I would estimate this consists of about 20% of the questions I ask myself during the editing process. And then, after the adventure is edited, there is a bit of paperwork needed to make sure the adventure details get into the database and tracking form properly, and the authors' information gets to RPGA HQ properly.
Now that I have thoroughly depressed myself, I should get to work. :-)
Thursday, August 27, 2009, 5:11 PM
One topic that has been on my mind a lot is players' enjoyment of their games, specifically games they play in the Living Forgotten Realms campaign. As one of the global admins of that campaign, roughly 30% of the content for that campaign crosses my desk at one time or another. Those who know me know that I take my responsibility in the campaign very seriously--to the exclusion of other things I might rather or should be doing.
So after working too many hours writing or editing or reviewing material for the campaign, it is frustrating to see feedback about something that I worked on saying that it was a less-than-positive experience for the player. I have a background in creative writing, and I have taught creative writing classes, so I have finely honed my ability to provide constructive criticism in a positive manner, as well as take criticism for what it is worth.
RPGs are not creative writing, however. When I get a work of fiction critiqued, it is very easy to focus in on what is taste, what is useful, what is not, and what I can learn from the critique. RPG adventures are a whole other ball game. Without being able to see the game played out, it is impossible to tell where things went wrong and if something in the design/editing of the adventure was flawed.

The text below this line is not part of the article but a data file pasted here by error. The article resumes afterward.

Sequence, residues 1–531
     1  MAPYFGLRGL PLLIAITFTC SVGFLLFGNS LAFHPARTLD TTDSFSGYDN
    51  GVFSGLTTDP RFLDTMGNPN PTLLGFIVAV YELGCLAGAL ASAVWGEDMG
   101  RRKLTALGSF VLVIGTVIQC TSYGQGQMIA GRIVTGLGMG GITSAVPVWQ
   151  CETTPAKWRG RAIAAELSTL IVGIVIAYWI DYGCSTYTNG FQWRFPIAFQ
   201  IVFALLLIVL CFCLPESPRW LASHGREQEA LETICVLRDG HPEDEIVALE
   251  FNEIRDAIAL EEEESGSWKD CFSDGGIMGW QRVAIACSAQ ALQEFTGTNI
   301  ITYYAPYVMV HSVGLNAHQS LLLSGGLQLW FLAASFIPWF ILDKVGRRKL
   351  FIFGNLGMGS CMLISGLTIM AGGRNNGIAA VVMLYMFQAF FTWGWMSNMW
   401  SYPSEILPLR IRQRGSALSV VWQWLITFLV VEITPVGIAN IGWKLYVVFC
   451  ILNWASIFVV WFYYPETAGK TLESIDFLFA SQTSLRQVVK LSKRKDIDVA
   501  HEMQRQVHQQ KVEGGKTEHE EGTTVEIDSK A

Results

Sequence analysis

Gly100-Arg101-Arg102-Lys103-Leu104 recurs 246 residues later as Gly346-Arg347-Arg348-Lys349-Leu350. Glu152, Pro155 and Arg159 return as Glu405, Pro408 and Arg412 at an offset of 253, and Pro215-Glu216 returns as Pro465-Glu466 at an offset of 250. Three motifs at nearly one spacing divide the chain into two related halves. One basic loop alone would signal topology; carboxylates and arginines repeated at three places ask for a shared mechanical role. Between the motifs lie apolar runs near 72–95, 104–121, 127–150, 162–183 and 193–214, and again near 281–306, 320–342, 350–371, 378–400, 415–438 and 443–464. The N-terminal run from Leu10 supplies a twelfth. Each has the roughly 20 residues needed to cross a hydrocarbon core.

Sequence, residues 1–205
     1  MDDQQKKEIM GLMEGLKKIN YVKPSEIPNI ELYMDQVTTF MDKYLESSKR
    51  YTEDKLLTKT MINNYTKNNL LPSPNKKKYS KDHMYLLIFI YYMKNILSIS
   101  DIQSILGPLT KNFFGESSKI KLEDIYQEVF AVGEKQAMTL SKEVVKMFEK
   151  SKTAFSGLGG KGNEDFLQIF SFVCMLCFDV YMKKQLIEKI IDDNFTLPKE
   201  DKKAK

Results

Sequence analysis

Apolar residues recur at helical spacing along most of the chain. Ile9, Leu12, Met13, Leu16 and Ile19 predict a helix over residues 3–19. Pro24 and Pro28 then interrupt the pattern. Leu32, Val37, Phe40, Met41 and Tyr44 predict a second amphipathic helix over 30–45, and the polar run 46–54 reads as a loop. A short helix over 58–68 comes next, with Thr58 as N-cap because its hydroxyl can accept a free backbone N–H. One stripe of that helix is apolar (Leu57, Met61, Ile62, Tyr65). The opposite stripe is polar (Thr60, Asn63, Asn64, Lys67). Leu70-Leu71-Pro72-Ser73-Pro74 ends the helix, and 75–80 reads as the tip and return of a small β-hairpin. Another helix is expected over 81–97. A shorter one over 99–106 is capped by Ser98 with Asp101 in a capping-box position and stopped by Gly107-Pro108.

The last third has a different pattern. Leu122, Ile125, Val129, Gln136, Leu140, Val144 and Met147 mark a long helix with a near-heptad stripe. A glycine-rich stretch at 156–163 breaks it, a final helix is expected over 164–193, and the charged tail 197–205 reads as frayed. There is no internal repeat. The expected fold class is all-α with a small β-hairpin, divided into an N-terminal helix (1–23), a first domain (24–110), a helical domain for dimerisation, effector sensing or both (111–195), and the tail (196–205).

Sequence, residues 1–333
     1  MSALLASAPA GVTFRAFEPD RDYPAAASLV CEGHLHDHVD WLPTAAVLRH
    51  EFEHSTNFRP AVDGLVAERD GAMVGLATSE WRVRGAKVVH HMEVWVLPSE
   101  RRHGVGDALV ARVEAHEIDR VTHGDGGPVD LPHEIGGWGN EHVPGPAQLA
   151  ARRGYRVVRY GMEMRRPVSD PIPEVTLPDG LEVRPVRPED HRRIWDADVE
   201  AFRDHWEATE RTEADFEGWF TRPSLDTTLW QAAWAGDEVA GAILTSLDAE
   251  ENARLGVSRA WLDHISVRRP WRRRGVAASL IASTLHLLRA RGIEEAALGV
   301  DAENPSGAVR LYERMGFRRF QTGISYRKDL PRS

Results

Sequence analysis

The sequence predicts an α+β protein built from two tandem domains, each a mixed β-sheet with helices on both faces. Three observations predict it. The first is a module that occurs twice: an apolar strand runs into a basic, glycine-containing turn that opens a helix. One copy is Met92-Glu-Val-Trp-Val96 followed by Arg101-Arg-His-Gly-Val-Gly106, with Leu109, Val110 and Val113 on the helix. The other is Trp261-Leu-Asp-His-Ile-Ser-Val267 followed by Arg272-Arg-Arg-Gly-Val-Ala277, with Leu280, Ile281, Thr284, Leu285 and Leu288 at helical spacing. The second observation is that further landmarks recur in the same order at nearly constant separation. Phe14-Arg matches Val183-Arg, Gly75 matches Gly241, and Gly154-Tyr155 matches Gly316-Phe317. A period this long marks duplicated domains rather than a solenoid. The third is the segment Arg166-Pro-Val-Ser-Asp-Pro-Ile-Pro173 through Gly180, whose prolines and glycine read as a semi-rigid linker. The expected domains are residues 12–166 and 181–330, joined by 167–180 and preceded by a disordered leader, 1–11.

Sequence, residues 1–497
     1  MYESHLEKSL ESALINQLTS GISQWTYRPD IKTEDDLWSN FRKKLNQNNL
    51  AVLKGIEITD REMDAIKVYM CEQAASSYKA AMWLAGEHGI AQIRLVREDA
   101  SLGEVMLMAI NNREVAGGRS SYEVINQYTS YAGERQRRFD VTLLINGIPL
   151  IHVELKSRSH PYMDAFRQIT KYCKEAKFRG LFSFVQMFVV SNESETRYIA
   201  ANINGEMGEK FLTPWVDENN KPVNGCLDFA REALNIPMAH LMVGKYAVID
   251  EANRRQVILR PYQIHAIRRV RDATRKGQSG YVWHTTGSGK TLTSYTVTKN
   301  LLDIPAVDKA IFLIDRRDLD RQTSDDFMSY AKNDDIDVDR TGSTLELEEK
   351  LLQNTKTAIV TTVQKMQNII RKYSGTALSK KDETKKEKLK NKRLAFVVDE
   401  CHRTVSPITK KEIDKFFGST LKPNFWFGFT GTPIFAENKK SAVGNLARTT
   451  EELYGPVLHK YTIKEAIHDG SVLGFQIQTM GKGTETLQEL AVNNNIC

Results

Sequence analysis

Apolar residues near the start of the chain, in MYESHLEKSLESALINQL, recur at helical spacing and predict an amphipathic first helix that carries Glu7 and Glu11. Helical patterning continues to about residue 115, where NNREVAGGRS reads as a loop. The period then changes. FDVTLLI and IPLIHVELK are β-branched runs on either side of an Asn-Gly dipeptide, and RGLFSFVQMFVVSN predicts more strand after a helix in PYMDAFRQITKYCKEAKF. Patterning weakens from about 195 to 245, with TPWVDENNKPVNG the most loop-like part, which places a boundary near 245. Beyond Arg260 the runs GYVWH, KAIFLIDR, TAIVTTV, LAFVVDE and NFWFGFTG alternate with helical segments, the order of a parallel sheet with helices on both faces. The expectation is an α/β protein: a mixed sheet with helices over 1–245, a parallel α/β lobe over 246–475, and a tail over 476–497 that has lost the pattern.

This is why, over and over again, I beg DMs to make sure the players are having fun. As a DM, I never run an adventure exactly as written--especially not my own. And I never run a game the same way twice. If the players do not walk away from the table feeling satisfied, having had fun, then the blame is mine and not the adventure's. I once ran an adventure where all the NPCs were animated objects--nary an intelligent, coomunicative enemy (or friend) to be found in the whole thing. Brainstorming with some DMs more experienced and imaginative than I led to ways to make the game fun--even for those who wanted extensive roleplaying. I would not have been able to make the game fun for those players without help--but at least I was wary enough to know my limitations and seek help.
I think I have a point here somewhere. Ah yes! DMs, I am now on my knees begging you. You are the filter through which the PCs and players interact with the world. You are it: the beginning and the end. It is not always possible to make sure everyone has fun because of player attitudes and table composition. But for all that you can control the game, I beg you to do so. It may be antithetical to everything you hold dear. You may have to listen to players brag about how they are whupping up on your monsters while you know you are pulling punches to keep them alive. You may have to give personality to a footstool. But please, as a personal favor to me, take one for the team. When I hear people saying their hobby is fun rather than saying how this or that adventure sucked, know you are saving me a few hours sleep, and I appreciate that more than you know.